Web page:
Waimea-Kohala Airport subsidy moving forward

  • Continuation of commercial air service from Waimea-Kohala Airport is on solid footing for the next two years, based on an agreement Hawaii County plans to sign with the U.S. Department of Transportation. (Laura Ruminski/West Hawaii Today)
  • A Mokulele airplane lands at the Waimea-Kohala Airport Monday morning. (Laura Ruminski/West Hawaii Today)
  • A Mokulele airplane lands at the Waimea-Kohala Airport Monday morning. (Laura Ruminski/West Hawaii Today)
  • Passengers board a Mokulele flight at the Waimea-Kohala Airport. (Laura Ruminski/West Hawaii Today)
  • Mokulele employee Debra Aribal checks in passenger David Dalzell Monday at the Waimea-Kohala Airport. (Laura Ruminski/West Hawaii Today)

HILO — Continuation of commercial air service from Waimea-Kohala Airport is on solid footing for the next two years, based on an agreement Hawaii County plans to sign with the U.S. Department of Transportation.

It’s not yet known which of two competing airlines will get the subsidized service, but, once again, there will be just one destination: Kahului, Maui. The agreement will include 12 nonstop round trips per week, using nine-seat Cessna Caravan aircraft.

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The county and DOT recently finalized cost share negotiations, a spokesman said, and will soon issue a selection order specifying the airline.

Kohala Councilman Tim Richards expects the announcement to be made in the next few weeks.

“It is imminent,” Richards said Monday.

The two-year agreement should cost the county about $20,000 annually, said Finance Director Deanna Sako.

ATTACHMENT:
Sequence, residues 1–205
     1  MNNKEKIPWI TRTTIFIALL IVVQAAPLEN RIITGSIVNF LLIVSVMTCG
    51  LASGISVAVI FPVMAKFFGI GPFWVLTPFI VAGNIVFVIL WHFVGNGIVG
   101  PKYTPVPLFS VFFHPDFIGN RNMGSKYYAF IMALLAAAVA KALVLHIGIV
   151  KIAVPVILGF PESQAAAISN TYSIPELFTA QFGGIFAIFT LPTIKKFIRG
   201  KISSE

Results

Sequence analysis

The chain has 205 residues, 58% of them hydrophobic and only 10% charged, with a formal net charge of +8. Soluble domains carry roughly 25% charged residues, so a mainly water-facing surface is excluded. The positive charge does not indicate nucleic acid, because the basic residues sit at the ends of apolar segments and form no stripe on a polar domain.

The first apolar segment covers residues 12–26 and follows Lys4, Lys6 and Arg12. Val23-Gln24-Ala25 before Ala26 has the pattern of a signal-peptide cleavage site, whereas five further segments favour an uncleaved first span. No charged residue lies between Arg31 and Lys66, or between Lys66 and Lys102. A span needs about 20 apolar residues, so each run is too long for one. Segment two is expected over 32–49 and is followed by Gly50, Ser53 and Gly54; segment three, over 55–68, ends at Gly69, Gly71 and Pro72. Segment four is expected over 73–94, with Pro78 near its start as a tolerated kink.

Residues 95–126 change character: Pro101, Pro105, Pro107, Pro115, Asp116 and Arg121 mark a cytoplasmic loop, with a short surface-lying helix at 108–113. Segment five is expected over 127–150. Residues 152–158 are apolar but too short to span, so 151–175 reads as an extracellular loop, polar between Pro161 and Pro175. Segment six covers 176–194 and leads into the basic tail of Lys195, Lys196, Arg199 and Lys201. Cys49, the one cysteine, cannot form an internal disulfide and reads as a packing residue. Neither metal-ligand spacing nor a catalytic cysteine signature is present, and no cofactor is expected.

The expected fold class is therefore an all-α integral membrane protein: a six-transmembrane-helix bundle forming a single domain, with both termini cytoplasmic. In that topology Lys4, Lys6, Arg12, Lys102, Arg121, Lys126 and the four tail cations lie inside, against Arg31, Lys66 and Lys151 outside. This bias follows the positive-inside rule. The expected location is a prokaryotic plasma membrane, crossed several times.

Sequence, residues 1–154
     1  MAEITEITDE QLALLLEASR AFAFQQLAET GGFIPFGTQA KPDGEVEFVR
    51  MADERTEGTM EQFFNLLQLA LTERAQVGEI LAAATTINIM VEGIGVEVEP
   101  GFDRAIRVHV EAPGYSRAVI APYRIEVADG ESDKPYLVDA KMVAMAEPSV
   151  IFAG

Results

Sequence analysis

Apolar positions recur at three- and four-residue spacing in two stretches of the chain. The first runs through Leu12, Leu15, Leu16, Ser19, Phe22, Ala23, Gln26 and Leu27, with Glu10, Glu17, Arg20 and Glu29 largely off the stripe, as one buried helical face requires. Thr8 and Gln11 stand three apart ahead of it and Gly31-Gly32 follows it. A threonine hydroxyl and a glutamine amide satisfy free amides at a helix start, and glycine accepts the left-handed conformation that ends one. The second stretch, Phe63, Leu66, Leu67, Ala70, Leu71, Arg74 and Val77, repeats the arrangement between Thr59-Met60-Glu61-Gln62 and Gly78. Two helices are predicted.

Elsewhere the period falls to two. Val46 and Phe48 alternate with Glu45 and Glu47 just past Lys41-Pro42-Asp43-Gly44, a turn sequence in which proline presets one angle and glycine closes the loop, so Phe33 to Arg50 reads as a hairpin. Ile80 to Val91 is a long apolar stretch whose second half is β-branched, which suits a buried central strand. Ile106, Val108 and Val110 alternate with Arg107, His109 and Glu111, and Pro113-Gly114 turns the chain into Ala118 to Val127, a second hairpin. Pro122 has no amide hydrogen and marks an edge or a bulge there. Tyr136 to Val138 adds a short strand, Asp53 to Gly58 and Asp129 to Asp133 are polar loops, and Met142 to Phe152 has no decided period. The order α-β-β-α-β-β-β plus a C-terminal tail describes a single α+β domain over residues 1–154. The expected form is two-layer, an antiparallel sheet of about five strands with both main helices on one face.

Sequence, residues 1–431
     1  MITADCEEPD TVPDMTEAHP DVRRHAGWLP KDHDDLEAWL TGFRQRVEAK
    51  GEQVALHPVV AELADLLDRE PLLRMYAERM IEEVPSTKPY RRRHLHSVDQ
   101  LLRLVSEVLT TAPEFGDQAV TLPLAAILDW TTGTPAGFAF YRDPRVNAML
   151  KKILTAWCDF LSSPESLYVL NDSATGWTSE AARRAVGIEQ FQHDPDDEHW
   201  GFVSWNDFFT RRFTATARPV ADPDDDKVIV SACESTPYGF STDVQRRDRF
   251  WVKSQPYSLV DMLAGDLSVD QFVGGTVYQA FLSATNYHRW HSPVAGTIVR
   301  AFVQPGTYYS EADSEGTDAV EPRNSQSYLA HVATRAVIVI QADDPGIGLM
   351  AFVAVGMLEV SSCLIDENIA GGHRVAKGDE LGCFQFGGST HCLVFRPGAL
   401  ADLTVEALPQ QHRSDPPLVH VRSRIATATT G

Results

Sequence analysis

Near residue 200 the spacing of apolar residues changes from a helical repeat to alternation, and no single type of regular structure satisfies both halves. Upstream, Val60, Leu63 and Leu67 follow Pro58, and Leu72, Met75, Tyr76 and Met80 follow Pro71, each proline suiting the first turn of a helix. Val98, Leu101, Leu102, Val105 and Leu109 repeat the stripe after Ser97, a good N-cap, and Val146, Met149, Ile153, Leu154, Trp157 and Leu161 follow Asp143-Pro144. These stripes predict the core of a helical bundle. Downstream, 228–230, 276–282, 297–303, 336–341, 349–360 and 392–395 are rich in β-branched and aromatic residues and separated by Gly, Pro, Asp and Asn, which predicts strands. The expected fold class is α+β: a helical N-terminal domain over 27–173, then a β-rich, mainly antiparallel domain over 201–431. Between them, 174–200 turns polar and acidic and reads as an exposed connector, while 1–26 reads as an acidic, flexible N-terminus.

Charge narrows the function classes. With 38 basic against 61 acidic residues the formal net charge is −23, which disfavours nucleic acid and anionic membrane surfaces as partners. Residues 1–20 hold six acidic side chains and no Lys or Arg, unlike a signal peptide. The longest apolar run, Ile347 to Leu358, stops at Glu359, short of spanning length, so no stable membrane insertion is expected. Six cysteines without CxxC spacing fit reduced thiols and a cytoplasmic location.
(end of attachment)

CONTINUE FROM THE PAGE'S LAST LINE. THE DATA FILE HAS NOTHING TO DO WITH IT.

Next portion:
The County Council is scheduled to vote Wednesday on Resolution 119, authorizing Mayor Harry Kim to enter into the agreement with the federal agency.

Both Mokulele Flight Service, doing business as Mokulele Airlines, and Schuman Aviation Co., doing business as Makani Kai Air, submitted proposals, with Makani Kai Air proposing $200,000 a year, compared to Mokulele’s higher proposal of $389,783.

Mokulele Airlines, which has held the subsidized contract since 2013, has since been sold to Southern Airways. Richards doesn’t think the sale will effect the outcome, being that Mokulele is continuing normal operations.

The subsidy is the difference between the company’s revenue and expenses incurred by running the service.

That difference is made up by the federal government’s Essential Air Service program, designed to guarantee air service to small communities throughout the country, along with Hawaii County and community members. Local sources must account for at least 5 percent of the subsidy.

Richards said money is in the county budget to come up with the local share, but he’s also working with U.S. Sen. Brian Schatz’s office to revert the program back to its former status, where the local match wasn’t necessary.

“If we were to lose this service, it would literally take an act of Congress to bring it back,” Richards said. “That’s why it’s so very important to keep it going.”

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The subsidy is intended to help small communities whose closest airport is 40 miles away from the nearest hub airport. The Waimea airport is 39 miles from Ellison Onizuka Kona International Airport.

A voicemail left at the County Department of Research &Development, which is handling the agreement, was not responded to by press time Monday.

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